Baxter City Council: A buffet for the bees: Pollinator garden planned for Baxter park
BAXTER—A storm-damaged area of Loren Thompson Park will soon see new life with the planting of a pollinator garden.
The Baxter City Council learned about plans for the garden—which represents a partnership between the city's parks and trails department, the Crow Wing Power Green Touch program and Crow Wing County Master Gardener Ken Lueken—at its Tuesday work session.
Rick Pederson of Crow Wing Power said the park seemed a good fit for the program, which recently wrapped up a three-year project in Berrywood Park. The program provides funding up to $1,000 per year toward improving parks.
With downed trees and other damage occurring to the southeast corner of Loren Thompson Park in a July 2015 storm, Pederson said the area would benefit from a landscaped space.
"That corner was really trashed with the storm," Pederson said.
Lueken was brought on to develop a design and select plants that would attract butterflies, bees and other pollinators. The planned garden will consist of native prairie grasses, hedges and flowering plants, along with pathways, patio pavers, benches and interpretive signage.
Lueken said most of the projects he takes part in as a Master Gardener include the use of native plants, which offer superior erosion control and stormwater mitigation. Many of the plants Lueken selected are known specifically for their ability to attract native pollinators.
Lueken noted for about four weeks this summer, he was on site in the park on the weekends. He said the interest from park users was noticeable.
"A lot of people asked questions," Lueken said. "That's good. That's the kind of thing we were looking for, that we have with this project."
The design of the garden intentionally placed the portion intended to attract bees farthest from the nearby walking path. Pederson said he was sensitive to the placement of that area because he is allergic to bees.
"We didn't want them really close to the walking path down here, in case someone is allergic to bees," Pederson said. "We wanted to be conscious of that. ... But it's not going to be a colony of killer bees, obviously."
Pederson said the goal of the garden is to introduce a more natural environment for pollinators while restoring the landscape from the storm damage. Attracting butterflies and bees offers an opportunity to educate the public about their importance, Pederson noted.
"I didn't realize how big of a deal pollinators actually are, in terms of our food stocks," Pederson said.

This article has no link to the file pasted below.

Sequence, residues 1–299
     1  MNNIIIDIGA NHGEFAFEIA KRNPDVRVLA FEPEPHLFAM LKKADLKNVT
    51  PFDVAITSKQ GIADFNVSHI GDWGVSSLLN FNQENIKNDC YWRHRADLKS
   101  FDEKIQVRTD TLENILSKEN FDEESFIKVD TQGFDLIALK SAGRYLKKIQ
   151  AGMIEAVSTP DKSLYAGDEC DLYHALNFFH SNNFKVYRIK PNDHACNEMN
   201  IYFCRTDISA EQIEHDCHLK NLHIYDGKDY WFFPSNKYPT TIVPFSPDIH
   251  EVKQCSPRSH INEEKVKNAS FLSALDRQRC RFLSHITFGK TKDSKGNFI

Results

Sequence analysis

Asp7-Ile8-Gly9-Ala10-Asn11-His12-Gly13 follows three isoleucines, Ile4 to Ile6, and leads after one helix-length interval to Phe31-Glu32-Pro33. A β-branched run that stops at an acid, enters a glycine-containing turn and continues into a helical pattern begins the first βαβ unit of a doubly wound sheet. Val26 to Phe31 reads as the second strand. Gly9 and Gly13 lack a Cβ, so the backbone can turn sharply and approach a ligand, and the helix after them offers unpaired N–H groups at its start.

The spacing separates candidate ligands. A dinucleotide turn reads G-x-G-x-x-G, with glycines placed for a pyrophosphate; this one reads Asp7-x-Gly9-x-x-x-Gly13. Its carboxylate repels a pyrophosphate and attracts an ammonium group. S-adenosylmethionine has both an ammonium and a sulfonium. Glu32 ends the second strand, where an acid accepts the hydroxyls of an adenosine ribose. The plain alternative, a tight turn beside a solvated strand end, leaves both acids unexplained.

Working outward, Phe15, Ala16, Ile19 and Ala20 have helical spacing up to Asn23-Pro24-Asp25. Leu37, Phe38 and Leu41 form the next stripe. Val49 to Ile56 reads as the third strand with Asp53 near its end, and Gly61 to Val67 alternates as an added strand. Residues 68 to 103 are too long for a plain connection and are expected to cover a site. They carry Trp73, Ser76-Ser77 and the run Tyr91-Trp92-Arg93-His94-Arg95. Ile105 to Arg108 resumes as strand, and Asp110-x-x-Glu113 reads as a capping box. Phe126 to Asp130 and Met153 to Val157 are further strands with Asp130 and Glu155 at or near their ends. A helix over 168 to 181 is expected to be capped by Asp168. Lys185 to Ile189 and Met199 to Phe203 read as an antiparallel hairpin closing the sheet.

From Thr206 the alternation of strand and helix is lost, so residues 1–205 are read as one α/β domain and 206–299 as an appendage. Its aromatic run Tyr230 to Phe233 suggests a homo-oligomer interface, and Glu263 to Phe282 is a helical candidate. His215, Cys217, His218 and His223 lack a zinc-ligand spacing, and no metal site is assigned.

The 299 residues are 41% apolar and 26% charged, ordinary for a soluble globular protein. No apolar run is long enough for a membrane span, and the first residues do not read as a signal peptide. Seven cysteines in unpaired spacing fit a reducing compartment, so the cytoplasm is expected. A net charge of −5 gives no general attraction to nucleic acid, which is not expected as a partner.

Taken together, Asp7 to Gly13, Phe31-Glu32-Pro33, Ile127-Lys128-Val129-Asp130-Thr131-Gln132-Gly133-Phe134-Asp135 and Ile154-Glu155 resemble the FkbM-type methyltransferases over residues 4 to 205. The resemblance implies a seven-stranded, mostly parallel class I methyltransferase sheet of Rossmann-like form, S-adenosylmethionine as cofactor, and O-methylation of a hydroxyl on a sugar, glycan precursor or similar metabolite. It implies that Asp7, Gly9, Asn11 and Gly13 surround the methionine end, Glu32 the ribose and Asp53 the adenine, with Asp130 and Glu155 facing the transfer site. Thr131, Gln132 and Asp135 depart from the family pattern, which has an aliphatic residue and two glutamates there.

According to the U.S. Fish and Wildlife Service, pollinating animals assist in pollinating more than 75 percent of flowering plants and almost 75 percent of all crops.
"Often we may not notice the hummingbirds, bats, bees, beetles, butterflies and flies that carry pollen from one plant to another as they collect nectar," the FWS website states. "Yet without them, wildlife would have fewer nutritious berries and seeds, and we would miss many fruits, vegetables, and nuts, like blueberries, squash, and almonds, not to mention chocolate and coffee, all of which depend on pollinators."
Recent studies on the populations of pollinators indicates a precipitous decline for a multitude of reasons, including habitat loss and disease. The FWS notes planting pollinator gardens, which offers a variety of nectar and pollen sources, is one way to help.
The educational aspect of a garden like this meant encouraging people to install gardens like this one at their homes, he said.
"It's a living classroom for the public in general," Lueken said, noting youth projects in the past have resulted in young people encouraging their parents to plant pollinator gardens.
Pederson said as the plan stands, it exceeds the total budget of $3,000 by nearly double at $5,420.
"This is a pretty grand plan of how to improve the area," Pederson said, noting he felt it represented the cost to do it correctly. He said they would seek matching grants and other outside funding to support the cost of planting the garden.
Installation of the garden is planned in three phases over three years. In the first phase, planned for this fall, the initial landscaping—including cutting sod and hauling in dirt—will occur, along with some path development and planting.
The second phase, scheduled for 2017, will focus on increased access to the garden. This includes the installation of benches, a bicycle rack and trash receptacles. "Hardscaping," or paths that will allow the use of strollers or wheelchairs, will also be added next year, along with additional plantings.
The third phase in 2018 will involve finishing "the nooks and crannies," as Pederson put it, including another seating area and additional hardscaping.
Ongoing maintenance of the garden will be performed by the Baxter Parks and Trails Department, the cost of which will be covered by that department's general operations budget.